- 1/2 cup + 2 tablespoons milk
- 2 1/2 tablespoons dried yeast
- 4 large eggs, at room temperature
- 1/4 cup Imperial Sugar Extra Fine Granulated Sugar
- 2 teaspoons vanilla extract
- 2 cups (1 pound) unsalted butter, very soft at room temperature
- 2 teaspoons salt
- 4 1/2 cups unbleached all-purpose flour*
- 1 box [companyname] Sugar Cubes
*Spoon & Sweep method: Use a spoon to fill measuring cup with flour until required amount is obtained. Scooping measuring cup directly into flour bag will firmly pack flour resulting in too much flour required for recipe.
- Combine warm milk with yeast and pour in a mixing bowl. Add vanilla extract, eggs, granulated sugar and salt.
- Place flour on top of ingredients followed by butter.
- Using a paddle attachment start mixing dough on low speed and gradually increase to medium. Mix dough until it starts to clean away from the sides a bit. The dough will still be very soft, buttery and sticky.
- Remove from machine and cover the bowl with plastic food wrap. Set in a warm place until nearly doubled in size.
- Meanwhile remove sugar cubes from box. Hit each cube firmly with a rolling pin to crush it into 3-5 pieces.
- Place obtained pieces in a sieve and sieve out the finely crushed sugar. (The finely crushed sugar can be used to sweeten homemade lemonade or tea.)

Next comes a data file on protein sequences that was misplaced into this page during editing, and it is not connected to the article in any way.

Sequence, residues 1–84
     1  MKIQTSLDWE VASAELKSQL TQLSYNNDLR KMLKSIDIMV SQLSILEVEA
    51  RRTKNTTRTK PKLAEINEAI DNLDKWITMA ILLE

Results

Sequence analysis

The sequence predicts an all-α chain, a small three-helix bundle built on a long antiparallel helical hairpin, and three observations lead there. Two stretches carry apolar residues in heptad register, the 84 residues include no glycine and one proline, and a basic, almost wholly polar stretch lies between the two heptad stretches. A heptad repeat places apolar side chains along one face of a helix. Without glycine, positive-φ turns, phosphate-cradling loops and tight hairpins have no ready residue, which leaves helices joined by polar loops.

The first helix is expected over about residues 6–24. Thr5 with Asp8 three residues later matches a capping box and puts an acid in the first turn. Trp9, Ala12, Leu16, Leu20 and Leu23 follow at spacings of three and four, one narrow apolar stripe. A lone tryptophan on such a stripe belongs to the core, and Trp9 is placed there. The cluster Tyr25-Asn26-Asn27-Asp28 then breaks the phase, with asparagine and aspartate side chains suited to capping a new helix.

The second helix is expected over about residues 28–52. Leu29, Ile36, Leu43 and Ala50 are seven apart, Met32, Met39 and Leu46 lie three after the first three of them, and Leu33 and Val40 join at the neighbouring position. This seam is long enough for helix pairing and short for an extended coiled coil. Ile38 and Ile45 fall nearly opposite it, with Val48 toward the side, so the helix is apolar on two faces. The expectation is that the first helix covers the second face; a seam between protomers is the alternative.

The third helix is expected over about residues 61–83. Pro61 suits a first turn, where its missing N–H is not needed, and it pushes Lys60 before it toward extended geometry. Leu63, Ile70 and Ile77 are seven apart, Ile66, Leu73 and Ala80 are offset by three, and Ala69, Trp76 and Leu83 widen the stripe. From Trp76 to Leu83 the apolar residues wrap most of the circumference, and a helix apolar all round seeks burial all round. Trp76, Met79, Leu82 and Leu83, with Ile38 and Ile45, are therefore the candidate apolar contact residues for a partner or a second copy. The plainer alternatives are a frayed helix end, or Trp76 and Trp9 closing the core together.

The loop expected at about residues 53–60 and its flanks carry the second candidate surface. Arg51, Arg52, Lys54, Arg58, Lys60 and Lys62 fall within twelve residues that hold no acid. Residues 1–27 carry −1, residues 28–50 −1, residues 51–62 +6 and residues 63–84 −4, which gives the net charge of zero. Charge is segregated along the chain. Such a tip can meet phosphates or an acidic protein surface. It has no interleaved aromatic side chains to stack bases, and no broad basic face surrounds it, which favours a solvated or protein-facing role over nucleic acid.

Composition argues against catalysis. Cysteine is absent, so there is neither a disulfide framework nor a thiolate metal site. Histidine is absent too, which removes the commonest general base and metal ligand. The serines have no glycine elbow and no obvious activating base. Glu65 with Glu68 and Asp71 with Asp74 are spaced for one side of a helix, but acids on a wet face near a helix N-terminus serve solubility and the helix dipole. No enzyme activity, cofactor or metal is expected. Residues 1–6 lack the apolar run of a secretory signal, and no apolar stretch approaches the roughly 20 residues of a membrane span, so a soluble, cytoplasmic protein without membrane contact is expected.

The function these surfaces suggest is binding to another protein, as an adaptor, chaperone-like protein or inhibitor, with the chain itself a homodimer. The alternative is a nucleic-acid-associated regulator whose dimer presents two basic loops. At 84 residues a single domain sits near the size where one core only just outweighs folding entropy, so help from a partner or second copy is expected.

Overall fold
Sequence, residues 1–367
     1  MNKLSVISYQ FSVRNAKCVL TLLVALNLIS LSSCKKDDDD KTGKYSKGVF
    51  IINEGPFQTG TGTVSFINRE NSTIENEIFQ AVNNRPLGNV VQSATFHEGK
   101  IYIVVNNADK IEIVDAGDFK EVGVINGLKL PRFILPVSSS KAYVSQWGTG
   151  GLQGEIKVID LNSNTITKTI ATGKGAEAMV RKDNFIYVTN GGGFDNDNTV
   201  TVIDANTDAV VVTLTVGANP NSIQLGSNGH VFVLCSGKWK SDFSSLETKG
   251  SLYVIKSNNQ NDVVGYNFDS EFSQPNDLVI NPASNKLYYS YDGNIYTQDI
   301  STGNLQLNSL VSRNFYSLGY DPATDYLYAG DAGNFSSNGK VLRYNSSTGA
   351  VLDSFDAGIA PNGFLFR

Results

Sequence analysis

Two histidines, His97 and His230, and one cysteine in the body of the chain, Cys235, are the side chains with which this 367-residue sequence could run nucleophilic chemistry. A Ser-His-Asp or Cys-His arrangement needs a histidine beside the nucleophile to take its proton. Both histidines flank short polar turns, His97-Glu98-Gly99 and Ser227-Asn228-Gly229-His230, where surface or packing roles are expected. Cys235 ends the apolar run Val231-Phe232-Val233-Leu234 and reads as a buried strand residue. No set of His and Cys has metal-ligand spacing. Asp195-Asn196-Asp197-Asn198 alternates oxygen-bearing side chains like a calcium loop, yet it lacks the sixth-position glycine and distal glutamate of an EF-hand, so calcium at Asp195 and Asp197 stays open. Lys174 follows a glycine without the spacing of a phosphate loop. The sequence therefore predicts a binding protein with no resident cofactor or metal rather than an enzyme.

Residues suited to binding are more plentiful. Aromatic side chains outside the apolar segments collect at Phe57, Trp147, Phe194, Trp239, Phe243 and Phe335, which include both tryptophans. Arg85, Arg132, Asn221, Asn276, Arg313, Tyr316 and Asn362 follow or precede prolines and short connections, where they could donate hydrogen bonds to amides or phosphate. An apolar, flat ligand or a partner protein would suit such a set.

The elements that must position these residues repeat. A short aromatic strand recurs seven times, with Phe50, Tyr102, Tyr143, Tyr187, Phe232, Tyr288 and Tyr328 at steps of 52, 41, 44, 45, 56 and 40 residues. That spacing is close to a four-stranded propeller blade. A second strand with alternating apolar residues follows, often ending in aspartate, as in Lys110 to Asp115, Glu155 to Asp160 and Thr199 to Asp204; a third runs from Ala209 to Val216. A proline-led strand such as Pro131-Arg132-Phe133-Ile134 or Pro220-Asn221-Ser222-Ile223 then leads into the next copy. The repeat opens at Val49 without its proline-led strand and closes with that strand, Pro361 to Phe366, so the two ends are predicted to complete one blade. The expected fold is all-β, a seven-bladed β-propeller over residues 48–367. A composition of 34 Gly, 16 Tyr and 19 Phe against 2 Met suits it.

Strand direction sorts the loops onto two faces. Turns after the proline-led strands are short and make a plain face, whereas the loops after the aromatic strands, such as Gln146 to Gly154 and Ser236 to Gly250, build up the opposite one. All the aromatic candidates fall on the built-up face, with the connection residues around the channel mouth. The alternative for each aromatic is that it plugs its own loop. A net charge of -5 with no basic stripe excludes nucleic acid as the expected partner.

- Add large crushed sugar to (doubled in size) dough and mix in by hand. Cover and rest dough for 10 minutes.
- Cut even pieces size of a jumbo egg or scale to 3.5 ounces. Make round and cover with plastic wrap.
- Heat waffle iron to its highest setting. Pour a little oil on a plate and dip each side of dough pieces into oil.
- Place in iron and cook until both sides are golden brown.
From Chef Eddy: It first started with their chocolate, followed by the waffles, then the beer and now a new type of waffle has arrived from Belgium. On the streets of New York, Philadelphia or in your wholesale store, it seems like everyone is into the Liege waffle. Who indeed can resist the buttery caramel flavor of this incredible delicious waffle? Not to be confused by their cousin the Belgian waffle, this one is not light and airy, in fact it is the very opposite. This waffle is satisfying and hearty with a delicious crunch obtained by crushed sugar cubes. Eat the Liege waffle for breakfast or do as the Belgians (and the New Yorkers) and eat this waffle as a snack. These freeze perfectly and are fantastic lightly toasted, so no reason to get up early on the weekend, simply make them at your leisure and serve anytime.